June 6, 2006

Magazines For Babies, Anyone?

wild_animal_baby_mag.jpgLast fall, a good family friend got the kid a gift subscription to Wild Animal Baby, basically a baby magazine--for kids ages 6 months to 4 years--published by the National Wildlife Federation.

Who even knew that babies had magazines? Dads don't have magazines, but babies do. In fact, pre-preschool-age kids in the US have not just one, but two major [sic] magazines to choose from, and babies abroad have more than that. What's up with that?

Wild Animal Baby and its main competition, Babybug, are similar in size and format [24 pages of cardstock, no staples, boardbook size] and both magazines seem to serve as gateway drugs to their respective school-age counterparts: Ranger Rick and Cricket [cue major flashback here]

From what I can tell, both are equally saccharine and kind of cheesy, with stock photography of animals and textbooky illustrations, simple matching or color games, and a rhyme or two [almost as content-free as an adult magazine! hey!] The WAB one always starts with, well, a little story of wild animal babies and their moms--always with the moms, oy.

babybug_mag.jpgBabybug, seems to have slightly better illustrators--but cheese is cheese, whether it's Velveeta or supermarket Brie--and they also occasionally run actual nursery rhymes, too. There are no ads [except for their own products, like the other mags, books and DVD's.]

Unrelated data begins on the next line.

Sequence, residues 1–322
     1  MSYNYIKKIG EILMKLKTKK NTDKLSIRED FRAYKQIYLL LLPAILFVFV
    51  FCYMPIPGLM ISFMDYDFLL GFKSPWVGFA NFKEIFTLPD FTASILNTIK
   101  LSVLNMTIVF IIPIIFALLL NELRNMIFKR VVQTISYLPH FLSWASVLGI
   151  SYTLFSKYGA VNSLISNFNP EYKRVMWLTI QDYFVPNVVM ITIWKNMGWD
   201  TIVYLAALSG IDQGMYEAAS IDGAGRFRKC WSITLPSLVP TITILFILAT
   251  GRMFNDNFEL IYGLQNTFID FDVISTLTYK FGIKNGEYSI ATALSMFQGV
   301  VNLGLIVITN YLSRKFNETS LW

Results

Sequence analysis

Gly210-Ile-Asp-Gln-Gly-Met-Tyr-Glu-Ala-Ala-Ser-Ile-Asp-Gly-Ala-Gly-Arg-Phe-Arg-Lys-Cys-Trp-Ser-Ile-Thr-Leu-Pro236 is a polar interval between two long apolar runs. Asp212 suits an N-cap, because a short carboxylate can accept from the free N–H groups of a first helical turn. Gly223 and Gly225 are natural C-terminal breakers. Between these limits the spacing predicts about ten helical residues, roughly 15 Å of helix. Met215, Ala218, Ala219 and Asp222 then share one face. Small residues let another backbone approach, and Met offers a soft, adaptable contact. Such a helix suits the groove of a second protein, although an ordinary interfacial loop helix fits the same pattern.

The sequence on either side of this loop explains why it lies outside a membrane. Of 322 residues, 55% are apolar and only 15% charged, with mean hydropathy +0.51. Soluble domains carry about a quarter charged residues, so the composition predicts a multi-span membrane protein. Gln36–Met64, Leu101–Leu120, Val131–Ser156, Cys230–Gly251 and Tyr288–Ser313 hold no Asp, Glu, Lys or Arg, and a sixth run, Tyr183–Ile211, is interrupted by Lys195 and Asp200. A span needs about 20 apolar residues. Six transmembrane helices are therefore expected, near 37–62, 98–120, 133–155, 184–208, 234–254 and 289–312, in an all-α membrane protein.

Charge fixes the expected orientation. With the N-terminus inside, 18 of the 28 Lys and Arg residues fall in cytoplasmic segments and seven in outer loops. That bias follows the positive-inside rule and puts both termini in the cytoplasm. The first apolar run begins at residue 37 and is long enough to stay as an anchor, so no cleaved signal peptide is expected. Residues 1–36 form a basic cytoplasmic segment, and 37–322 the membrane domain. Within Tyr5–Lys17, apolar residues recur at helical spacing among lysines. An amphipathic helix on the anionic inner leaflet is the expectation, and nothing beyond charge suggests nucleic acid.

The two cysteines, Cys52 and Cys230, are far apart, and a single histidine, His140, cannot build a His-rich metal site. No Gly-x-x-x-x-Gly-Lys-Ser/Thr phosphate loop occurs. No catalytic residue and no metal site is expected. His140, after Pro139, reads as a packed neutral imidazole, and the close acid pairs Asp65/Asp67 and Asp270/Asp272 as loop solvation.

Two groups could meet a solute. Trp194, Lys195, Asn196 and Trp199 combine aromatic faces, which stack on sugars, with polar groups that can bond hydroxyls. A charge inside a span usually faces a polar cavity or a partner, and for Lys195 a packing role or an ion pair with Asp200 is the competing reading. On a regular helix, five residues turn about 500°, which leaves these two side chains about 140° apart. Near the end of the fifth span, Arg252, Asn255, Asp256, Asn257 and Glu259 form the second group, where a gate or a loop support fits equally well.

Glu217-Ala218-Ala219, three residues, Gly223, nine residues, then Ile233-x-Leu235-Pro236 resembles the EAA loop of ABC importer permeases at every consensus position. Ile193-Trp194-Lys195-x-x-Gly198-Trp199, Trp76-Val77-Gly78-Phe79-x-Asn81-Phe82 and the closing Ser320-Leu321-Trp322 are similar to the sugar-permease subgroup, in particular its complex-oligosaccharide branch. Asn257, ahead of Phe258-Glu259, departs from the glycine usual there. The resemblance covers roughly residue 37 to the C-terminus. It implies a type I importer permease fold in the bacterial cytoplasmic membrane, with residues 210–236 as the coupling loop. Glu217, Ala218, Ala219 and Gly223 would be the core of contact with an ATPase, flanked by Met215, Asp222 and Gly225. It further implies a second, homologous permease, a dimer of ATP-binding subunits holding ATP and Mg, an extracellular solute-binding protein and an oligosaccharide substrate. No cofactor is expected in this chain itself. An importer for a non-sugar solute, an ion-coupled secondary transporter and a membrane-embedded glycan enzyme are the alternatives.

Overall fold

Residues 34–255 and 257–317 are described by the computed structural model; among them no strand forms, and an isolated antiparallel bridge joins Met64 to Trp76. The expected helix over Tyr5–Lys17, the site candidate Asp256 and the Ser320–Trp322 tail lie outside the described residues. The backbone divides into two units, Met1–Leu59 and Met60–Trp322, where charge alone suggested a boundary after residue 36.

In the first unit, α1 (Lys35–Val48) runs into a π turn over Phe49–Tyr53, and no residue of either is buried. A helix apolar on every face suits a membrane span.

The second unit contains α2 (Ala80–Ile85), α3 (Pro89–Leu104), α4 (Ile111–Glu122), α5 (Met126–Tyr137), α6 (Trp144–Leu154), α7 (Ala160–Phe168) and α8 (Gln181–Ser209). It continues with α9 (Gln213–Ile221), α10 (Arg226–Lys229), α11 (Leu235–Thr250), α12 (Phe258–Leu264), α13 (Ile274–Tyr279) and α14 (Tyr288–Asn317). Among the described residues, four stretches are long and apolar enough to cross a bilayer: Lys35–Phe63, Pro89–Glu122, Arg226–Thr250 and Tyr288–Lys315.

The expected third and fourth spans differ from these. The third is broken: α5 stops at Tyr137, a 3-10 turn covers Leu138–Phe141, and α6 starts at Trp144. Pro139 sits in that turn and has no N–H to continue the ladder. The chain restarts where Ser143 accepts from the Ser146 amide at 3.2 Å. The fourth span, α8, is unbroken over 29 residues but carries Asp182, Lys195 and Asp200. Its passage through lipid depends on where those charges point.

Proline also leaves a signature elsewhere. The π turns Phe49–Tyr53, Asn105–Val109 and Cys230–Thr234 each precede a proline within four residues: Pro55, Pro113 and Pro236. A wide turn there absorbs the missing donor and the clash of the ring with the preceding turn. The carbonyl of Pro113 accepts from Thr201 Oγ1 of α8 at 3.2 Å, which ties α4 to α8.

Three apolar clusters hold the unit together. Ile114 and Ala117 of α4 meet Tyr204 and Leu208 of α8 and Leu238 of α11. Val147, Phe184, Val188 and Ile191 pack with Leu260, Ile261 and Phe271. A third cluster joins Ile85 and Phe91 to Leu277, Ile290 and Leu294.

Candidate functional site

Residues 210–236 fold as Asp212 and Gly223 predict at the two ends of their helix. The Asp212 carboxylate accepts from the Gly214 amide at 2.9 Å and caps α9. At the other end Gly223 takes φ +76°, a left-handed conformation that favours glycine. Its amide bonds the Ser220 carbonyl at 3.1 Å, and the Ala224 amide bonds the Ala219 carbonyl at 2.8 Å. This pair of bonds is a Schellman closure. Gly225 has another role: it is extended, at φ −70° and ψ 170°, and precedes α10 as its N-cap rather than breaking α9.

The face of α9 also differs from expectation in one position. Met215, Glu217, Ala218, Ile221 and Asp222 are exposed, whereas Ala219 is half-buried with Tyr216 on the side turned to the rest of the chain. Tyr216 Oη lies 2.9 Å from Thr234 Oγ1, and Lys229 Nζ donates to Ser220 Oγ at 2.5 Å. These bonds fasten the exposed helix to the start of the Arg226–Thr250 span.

I've gotta say, as cheesy as they are, the kid LOVES them; she keeps hers stacked in her room, just like our stack of New Yorkers in the living room [the difference, of course, is that hers get read. a hundred times.] And she really loves getting something in the mail [I guess I could start signing her up for J. Crew catalogues... ]

WAB is $19.95/yr, and Babybug is $36/yr for 10 issues. There's also a baby magazine put out by French nuns [or by their publishing house, Bayard Presse] called Popi, but I've never seen it, either.

Does anyone else's kid get magazines? What do you think of this concept? Are there any that aren't total schlock? And wouldn't you rather have a baby magazine from someone like MoMA instead? Just thinking out loud here...

Wild Animal Baby magazine for babies [nwf.org/kids]